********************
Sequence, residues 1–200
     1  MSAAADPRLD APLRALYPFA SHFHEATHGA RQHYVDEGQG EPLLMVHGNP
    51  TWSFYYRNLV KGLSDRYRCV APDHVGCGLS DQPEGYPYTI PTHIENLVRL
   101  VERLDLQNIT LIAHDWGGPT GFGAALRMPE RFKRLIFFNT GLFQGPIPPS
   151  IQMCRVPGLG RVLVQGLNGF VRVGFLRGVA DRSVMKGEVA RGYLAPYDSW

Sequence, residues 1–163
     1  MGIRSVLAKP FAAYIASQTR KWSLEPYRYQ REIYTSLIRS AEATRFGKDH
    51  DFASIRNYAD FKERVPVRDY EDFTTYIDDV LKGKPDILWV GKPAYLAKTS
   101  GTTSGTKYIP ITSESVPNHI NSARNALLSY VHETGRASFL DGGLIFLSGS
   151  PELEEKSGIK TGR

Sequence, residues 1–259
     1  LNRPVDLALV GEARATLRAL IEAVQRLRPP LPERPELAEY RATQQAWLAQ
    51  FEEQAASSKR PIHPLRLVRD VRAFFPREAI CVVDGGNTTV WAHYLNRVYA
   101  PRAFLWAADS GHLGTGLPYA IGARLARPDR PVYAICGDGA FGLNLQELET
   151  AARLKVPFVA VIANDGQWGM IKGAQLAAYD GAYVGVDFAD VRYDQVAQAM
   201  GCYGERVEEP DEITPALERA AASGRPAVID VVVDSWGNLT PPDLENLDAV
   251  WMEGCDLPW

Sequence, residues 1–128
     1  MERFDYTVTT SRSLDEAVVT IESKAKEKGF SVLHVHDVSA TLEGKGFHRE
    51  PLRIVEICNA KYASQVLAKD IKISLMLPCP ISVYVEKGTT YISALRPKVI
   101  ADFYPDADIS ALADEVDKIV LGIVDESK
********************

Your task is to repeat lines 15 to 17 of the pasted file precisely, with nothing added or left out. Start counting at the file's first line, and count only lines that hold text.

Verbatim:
   151  AARLKVPFVA VIANDGQWGM IKGAQLAAYD GAYVGVDFAD VRYDQVAQAM
   201  GCYGERVEEP DEITPALERA AASGRPAVID VVVDSWGNLT PPDLENLDAV
   251  WMEGCDLPW